Alien – Movie Review


The commercial vessel Nostromo receives a distress call from an unexplored planet. After searching for survivors, the crew heads home only to realize that a deadly bioform has joined them.

It’s hard to think that melon of a man Ridley Scott has made good movies. This 1979 classic is probably his best.

Starting of slow and rather clunky, this 117 minute picture is nothing short of a masterpiece once it gets going. That does take its time, but thanks to a sturdy cast, it keeps you interested enough to keep watching. However, in this time, you can tell there’s something stirring; something waiting to jump out. Something waiting to grab you and drag you into the abyss of space.

It’s tense to say the least. The tension it built up by some handsome cinematography and slow directing. Everything feels like a step up, scene by scene as the camera moves. Scott makes you sit on the edge of the seat with a simple turn of the lens. Wonderful, wonderful stuff without even seeing the creature. Then it explodes, from nowhere it fires up, and get’s your heart pumping. It will scare you and disgust you in the most brilliant way.

Like I said, the cast is very very sturdy. Which for a late 70’s Sci-Fi movie or any Sci-Fi movie to be honest, is very very unusual. Sigourney Weaver does well as the lead, being the most brutal but relatable strong female character. Apart from her, no-one is really all that special, just fine for their roles. Except maybe John Hurt, who is now a legendary British actor, and rather eerie in this film.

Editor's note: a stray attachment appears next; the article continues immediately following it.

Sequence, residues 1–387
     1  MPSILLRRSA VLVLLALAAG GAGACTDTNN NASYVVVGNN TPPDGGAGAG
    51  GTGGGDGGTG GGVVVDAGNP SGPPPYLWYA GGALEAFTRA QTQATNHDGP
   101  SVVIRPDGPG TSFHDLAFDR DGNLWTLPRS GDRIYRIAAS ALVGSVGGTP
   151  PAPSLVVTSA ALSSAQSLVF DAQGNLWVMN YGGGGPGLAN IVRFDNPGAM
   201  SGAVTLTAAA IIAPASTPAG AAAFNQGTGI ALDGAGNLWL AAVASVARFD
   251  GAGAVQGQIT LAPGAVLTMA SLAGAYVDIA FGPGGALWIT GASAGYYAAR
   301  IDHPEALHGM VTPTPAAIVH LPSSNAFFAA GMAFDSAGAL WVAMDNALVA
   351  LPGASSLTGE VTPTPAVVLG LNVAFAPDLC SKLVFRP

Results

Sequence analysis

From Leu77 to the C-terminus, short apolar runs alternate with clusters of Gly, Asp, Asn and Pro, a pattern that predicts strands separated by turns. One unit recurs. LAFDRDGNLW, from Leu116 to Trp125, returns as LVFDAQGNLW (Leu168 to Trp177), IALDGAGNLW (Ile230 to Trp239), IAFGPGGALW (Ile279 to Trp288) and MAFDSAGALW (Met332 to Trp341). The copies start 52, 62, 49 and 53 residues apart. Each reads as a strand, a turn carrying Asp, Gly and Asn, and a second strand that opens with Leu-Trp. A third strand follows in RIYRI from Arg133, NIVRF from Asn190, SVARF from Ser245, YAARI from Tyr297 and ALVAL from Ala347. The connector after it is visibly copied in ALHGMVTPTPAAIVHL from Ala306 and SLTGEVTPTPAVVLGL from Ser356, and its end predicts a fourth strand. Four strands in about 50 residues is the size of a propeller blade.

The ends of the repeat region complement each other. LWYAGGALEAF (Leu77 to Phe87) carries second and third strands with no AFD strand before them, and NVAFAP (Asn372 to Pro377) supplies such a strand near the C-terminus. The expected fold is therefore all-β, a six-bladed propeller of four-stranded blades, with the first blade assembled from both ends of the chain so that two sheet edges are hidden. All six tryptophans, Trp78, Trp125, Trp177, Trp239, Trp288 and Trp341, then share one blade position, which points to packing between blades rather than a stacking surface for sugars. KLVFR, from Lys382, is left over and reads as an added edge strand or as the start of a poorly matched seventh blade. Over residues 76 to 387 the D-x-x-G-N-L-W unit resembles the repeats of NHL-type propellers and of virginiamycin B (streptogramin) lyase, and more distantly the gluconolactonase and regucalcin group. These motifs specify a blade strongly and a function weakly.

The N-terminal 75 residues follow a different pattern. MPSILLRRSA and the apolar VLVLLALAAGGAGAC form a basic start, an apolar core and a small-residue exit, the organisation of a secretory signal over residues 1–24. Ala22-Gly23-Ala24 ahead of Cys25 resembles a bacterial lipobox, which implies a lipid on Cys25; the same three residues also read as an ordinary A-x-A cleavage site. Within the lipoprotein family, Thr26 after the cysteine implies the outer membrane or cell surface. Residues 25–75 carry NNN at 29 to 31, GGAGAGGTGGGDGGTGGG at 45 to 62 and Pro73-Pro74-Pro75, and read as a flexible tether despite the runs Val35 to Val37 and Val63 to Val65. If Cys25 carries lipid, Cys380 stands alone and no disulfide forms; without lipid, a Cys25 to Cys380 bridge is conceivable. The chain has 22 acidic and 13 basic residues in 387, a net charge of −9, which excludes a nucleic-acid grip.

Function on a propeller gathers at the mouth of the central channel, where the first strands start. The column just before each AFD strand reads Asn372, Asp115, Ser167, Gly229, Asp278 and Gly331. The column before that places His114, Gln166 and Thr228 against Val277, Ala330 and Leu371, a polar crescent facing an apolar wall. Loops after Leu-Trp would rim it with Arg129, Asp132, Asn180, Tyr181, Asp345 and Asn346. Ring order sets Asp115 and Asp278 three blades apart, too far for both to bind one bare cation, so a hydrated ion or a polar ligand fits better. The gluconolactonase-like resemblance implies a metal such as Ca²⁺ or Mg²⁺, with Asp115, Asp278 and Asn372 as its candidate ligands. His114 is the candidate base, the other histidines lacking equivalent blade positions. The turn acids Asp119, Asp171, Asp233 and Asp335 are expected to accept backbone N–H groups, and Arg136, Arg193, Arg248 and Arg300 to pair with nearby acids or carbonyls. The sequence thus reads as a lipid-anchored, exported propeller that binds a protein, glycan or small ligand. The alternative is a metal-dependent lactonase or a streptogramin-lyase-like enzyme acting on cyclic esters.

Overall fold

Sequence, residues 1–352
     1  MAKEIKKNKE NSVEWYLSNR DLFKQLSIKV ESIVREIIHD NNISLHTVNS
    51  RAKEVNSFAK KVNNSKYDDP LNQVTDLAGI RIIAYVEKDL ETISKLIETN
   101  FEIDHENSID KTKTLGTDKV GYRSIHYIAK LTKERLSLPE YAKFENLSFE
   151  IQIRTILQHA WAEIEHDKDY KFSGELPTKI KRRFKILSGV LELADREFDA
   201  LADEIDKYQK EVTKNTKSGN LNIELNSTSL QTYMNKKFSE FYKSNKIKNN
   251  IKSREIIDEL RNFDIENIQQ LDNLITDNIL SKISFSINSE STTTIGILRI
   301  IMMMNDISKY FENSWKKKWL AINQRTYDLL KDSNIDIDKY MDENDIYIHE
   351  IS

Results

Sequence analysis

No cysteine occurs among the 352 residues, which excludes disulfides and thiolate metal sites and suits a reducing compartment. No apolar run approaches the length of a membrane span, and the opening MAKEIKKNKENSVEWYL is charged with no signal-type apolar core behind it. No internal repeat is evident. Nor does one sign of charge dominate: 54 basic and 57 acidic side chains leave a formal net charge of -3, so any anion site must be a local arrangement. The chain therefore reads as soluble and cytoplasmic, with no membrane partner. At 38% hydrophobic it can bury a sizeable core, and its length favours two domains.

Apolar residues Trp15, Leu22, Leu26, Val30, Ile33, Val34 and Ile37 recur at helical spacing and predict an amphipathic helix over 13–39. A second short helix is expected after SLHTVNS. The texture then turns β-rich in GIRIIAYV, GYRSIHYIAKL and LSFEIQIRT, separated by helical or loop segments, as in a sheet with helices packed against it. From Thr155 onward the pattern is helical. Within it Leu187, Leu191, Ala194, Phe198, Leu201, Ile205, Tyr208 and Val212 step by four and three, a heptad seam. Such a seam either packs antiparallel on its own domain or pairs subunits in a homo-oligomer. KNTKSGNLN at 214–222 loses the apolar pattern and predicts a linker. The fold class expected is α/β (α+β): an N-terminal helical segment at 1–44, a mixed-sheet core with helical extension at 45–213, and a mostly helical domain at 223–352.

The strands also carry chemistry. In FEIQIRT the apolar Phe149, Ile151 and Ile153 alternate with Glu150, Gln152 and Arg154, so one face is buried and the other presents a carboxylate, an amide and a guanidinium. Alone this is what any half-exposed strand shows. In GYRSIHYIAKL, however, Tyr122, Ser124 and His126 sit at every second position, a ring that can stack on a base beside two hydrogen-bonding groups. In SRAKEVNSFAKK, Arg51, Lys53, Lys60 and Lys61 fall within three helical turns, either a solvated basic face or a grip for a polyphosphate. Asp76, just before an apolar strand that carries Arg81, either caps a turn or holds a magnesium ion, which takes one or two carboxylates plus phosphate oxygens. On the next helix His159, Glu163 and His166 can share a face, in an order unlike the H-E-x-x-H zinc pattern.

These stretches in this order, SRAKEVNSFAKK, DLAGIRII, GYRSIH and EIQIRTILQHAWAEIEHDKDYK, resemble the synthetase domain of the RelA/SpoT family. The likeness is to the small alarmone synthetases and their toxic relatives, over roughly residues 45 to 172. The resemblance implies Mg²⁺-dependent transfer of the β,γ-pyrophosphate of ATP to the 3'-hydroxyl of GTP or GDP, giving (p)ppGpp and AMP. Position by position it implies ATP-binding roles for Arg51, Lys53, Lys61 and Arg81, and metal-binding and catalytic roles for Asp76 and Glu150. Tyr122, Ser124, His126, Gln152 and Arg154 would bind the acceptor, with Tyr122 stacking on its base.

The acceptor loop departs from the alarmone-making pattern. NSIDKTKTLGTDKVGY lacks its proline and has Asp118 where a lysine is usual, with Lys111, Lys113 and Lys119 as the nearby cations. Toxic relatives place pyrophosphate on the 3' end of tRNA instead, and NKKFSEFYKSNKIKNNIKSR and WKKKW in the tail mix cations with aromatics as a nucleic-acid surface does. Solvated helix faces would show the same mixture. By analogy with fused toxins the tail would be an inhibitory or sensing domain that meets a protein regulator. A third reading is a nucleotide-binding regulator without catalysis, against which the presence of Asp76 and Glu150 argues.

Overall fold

I’m not saying this movie has issues; it has quite a lot. Such as a irrelevant convoluted plot-line about robots, which by the time it came around, you can’t really care about it. Also, there is a few classic overacted horror moments. It’s just you can’t understate the importance of this film, the inspiration it has led. Every other tense or scary or science-y movie has copied it in some way. It made the perfect path for any type of extra terrestrial film.

A bleakly brilliant direction style and tense from the very start; an absolute classic. – 5/5


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